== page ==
Men who have smoked cigarettes at some point during their lives have the highest risk of having an abdominal aortic aneurysm.

What the test is like: The best way to screen for an abdominal aortic aneurysm is through an abdominal ultrasound. During this painless procedure, you lay on your back on an exam table. A small amount of warm gel is applied directly to your abdomen. The lab technician, nurse, or doctor uses an instrument, called a transducer, and moves it and the gel all over your abdomen. The transducer sends images of the insides of your abdomen to a computer, so the technician, nurse, or doctor can see potential signs of an aneurysm.

Computerized tomography, CT scans or magnetic resonance imagining (MRIs) can also be used to check for abdominal aortic aneurysms, but ultrasounds are the preferred and most commonly used method of screening.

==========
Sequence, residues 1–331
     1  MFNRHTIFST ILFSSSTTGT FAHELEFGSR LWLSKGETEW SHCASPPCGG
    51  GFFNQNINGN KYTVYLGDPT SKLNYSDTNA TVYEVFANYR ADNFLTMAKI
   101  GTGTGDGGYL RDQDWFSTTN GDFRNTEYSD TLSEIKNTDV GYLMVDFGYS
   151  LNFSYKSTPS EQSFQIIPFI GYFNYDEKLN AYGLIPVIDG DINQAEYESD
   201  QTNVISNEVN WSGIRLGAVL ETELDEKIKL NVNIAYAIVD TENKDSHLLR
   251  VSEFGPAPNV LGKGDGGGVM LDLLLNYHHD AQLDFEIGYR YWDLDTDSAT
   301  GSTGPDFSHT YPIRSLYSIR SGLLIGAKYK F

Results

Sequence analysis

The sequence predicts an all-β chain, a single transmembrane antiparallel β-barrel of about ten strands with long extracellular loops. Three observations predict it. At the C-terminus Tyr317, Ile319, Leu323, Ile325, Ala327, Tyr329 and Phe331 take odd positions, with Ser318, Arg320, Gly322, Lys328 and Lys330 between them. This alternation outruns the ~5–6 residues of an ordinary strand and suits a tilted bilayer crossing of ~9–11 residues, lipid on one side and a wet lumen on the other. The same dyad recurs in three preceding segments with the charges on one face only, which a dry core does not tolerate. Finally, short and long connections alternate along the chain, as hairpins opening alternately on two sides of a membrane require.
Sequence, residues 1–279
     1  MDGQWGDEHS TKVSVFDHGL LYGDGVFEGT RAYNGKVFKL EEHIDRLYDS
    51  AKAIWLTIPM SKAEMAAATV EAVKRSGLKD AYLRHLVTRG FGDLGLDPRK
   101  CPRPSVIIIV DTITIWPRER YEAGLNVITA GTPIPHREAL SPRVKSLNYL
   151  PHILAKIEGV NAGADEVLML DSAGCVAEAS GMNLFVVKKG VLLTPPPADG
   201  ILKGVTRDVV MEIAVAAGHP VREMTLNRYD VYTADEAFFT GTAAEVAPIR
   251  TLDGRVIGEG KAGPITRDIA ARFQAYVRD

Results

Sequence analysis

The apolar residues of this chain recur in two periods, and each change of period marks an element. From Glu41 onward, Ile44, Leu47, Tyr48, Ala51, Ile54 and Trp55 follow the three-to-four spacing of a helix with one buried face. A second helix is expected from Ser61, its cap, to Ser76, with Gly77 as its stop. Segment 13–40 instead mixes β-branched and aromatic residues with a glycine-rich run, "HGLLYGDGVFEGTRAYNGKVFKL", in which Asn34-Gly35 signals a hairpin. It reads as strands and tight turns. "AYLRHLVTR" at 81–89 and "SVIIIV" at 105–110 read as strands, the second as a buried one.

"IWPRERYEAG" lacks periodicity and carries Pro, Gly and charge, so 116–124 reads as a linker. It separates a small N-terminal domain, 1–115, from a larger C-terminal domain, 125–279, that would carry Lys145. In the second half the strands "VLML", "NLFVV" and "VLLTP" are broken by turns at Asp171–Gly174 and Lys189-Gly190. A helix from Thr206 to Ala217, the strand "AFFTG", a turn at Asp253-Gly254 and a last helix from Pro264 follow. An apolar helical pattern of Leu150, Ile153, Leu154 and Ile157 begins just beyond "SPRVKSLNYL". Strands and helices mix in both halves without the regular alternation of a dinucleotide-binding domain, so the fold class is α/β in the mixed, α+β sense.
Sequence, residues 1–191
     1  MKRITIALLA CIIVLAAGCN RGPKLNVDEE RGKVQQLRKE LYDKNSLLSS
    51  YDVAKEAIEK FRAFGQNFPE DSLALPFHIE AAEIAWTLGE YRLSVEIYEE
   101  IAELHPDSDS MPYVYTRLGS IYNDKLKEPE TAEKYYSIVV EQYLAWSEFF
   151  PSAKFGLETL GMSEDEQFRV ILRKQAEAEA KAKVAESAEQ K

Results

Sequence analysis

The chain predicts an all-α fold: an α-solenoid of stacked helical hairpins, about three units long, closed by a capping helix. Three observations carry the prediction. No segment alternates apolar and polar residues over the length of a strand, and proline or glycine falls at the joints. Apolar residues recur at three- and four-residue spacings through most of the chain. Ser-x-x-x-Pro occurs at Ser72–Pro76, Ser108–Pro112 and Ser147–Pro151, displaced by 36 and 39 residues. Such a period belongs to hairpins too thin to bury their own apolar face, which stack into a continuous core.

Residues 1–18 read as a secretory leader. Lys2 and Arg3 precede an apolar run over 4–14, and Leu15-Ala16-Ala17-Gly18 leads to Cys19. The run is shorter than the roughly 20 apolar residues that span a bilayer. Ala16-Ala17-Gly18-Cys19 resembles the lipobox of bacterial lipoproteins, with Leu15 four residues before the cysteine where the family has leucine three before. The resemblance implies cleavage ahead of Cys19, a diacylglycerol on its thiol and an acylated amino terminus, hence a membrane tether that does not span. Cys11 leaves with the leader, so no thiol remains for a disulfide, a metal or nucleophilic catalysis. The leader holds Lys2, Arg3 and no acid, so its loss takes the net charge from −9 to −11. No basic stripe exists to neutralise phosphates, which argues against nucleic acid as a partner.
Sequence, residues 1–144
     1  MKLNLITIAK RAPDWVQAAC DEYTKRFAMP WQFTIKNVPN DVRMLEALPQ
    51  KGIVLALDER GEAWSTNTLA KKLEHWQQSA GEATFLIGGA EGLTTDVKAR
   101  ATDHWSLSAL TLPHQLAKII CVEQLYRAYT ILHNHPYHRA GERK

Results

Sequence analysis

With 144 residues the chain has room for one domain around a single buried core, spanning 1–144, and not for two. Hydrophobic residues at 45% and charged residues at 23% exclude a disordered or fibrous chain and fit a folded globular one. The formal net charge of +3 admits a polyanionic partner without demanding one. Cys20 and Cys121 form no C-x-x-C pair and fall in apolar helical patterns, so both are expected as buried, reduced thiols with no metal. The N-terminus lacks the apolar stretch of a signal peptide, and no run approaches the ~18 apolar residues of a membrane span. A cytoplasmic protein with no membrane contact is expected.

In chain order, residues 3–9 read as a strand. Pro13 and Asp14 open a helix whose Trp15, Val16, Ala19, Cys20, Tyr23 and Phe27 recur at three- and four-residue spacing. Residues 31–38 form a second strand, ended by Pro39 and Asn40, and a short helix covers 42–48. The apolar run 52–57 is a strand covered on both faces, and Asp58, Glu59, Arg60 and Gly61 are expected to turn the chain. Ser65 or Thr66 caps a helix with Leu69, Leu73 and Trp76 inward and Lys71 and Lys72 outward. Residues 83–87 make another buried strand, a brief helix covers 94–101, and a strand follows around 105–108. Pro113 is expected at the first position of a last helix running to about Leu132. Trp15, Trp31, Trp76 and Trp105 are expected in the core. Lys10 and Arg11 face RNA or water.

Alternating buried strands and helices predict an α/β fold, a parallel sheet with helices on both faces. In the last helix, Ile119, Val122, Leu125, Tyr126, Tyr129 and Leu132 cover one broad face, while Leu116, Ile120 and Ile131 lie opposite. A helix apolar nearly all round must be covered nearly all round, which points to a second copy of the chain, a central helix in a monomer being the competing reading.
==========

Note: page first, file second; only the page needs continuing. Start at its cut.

When to start: The USPTF recommends that men who have smoked more than 100 cigarettes in their lifetime get screened once for an abdominal aortic aneurysm between ages 65 and 75. If you have a family history of abdominal aortic aneurysm, your doctor may suggest getting screened as early as age 60.


Bone Mineral Density

Why you need it: About 10 million Americans suffer from osteoporosis, a disease that causes bones to become weak and brittle — and 34 million more people in the U.S. are at risk. Osteoporosis is often thought of as a woman’s disease — and while women are four times more likely to get osteoperois than men, men are still at risk.

What the test is like: A bone mineral density test can help determine your risk for osteoporosis. The test uses X-rays to measure the amount of calcium and other minerals are present in a segment of bone, typically your wrist, lower spine and hip, depending on the type of test done. The higher your mineral count, the denser and stronger your bones are.

When to start: A bone density test is recommended for men over the age of 70. If you’re younger than 70, but at high risk for osteoporosis (if, for instance, you’ve broken a bone after age 50 or have a family history of osteoporosis), talk to your doctor about when and how often you should be screened.

Learn more about osteoporosis.


Flu Vaccine